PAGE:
Homer Adams Holt, who served as governor of West Virginia from 1937 to 1941, was born on March 1, 1898, in Lewisburg.
On March 2, 1915, an explosion at Layland in Fayette County killed 115 coal miners.
On March 2, 1927, fire destroyed the temporary "pasteboard" capitol in Charleston.
On March 3, 1870, the West Virginia legislature passed an act establishing the West Virginia Schools For the Deaf and the Blind.
On March 3, 1921, McDowell County Deputy Sheriff William Johnson Tabor was shot and killed on the streets of Welch by the town's mayor, J. H. Whitt.
Alexander Campbell, the founder of the Disciples of Christ and Bethany College, died in Bethany on March 4, 1866.
On March 5, 1917, John J. Cornwell of Hampshire County was inaugurated as governor of West Virginia.
Industrialist Johnson Newlon Camden, who served as United States senator from 1881 to 1887, and 1893 to 1895, was born in Lewis County on March 6, 1828.
On March 7, 1866, the U. S. Congress recognized and consented to the transfer of Berkeley and Jefferson counties from Virginia to West Virginia.
On March 8, 1888, David Hunter Strother, the artist and author known as "Porte Crayon," died in Charles Town.
On March 9, 1977, U. S. District Judge Charles Haden issued a ten-day restraining order to the FMC Corporation to cease operation of the South Charleston plant's carbon tetrachloride unit.
On March 10, 1920, the West Virginia Legislature passed a joint resolution ratifying the 19th amendment to the U.S. Constitution giving women the right to vote.
On March 11, 1916, businessman and former U.S. Senator from West Virginia Henry Gassaway Davis died in Washington.
Wheeling Hospital was incorporated on March 12, 1850.
On March 13, 1928, three African American residents of Kanawha County were refused admittance to the Charleston Public Library.
On March 14, 1891, the Legislature passed an act establishing a commission to organize the West Virginia exhibit at the World's Columbian Exposition of 1893.
West Virginia State Auditor John C. Bond resigned from office on March 15, 1927, after being impeached.
On March 16, 1838, the Virginia General Assembly passed an act to provide for the construction of a turnpike road from Staunton to Parkersburg.
On the night of March 17, 1925, an explosion in the Bethlehem Mine No. 41 at Barrackville killed 33 coal miners.
Representative John M. Slack Jr. died on March 17, 1980.
On March 18, 1932, convicted murderer Harry F. Powers, the "Bluebeard of Quiet Dell," was hanged at the West Virginia Penitentiary at Moundsville.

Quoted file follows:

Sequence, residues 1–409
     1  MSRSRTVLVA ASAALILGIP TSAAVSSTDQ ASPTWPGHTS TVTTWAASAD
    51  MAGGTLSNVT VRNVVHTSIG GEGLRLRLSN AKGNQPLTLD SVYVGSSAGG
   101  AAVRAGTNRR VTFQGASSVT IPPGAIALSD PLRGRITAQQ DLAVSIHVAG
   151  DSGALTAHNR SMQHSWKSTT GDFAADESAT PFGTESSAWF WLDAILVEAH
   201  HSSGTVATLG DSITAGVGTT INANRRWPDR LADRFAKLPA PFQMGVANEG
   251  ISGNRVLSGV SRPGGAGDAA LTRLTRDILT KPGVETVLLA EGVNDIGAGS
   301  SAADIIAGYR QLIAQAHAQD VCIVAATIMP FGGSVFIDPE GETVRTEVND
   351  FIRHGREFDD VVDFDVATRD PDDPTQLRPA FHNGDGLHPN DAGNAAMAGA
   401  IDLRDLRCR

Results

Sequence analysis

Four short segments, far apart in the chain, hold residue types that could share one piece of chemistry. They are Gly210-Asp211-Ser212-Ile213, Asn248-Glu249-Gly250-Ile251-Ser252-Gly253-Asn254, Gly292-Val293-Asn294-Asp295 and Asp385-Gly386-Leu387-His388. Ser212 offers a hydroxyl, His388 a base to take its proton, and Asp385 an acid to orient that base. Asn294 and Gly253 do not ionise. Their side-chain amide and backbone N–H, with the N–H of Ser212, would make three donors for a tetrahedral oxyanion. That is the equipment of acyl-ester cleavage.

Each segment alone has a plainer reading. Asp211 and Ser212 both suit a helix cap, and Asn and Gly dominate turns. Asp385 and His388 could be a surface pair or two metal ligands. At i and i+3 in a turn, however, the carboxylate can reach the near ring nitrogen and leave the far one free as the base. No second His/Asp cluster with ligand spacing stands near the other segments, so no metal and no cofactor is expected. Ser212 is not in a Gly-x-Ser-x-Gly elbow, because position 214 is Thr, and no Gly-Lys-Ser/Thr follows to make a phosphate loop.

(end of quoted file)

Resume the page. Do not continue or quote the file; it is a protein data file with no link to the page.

The Grave Creek Mound, a Native American burial mound located in present-day Moundsville, was opened on March 19, 1838, by Jesse Tomlinson.
On March 20, 1973, inmates staged a riot at the West Virginia Penitentiary in Moundsville.
On March 21, 1980, about one-fourth of the state's teachers walked off the job in a one-day protest over the legislature's failure to approve a larger increase in salary.
On March 22, 1906, a coal mine explosion at Century in Barbour County killed 23 miners.
On March 23, 1831, the Virginia General Assembly passed an act authorizing the Monongalia Academy to establish a separate academy for female students, which opened in 1833 and was called the Morgantown Female Academy.
The Fayette County community of Mount Hope burned on March 24, 1910.
Harry Brawley, Charleston historian and the first executive director of the West Virginia Educational Broadcasting Authority, died on March 25, 1992.
On March 26, 1858, the Virginia General Assembly passed an act authorizing the governor to appoint a commissioner to negotiate a boundary line between Maryland and Virginia from the mouth of the Potomac River at the Atlantic Ocean to the Fairfax Stone. The boundary dispute, later between Maryland and West Virginia, was not settled until 1910.
Cyrus R. Vance, who served as United States Secretary of State from 1977 to 1980, was born in Clarksburg on March 27, 1917.
On March 28, 1863, a detachment of the 13th West Virginia Infantry repelled a Confederate attack led by General Albert Gallatin Jenkins at Hurricane Bridge.
On March 29, 1973, African-American educator Fannie Cobb Carter died at the age of 100.
On March 30, 1930, ground was broken at Gauley Junction to begin construction of the Hawks Nest tunnel and dam.
On March 31, 1919, Governor John J. Cornwell signed legislation creating the Department of Public Safety, later known as the West Virginia State Police.
On This Day in West Virginia History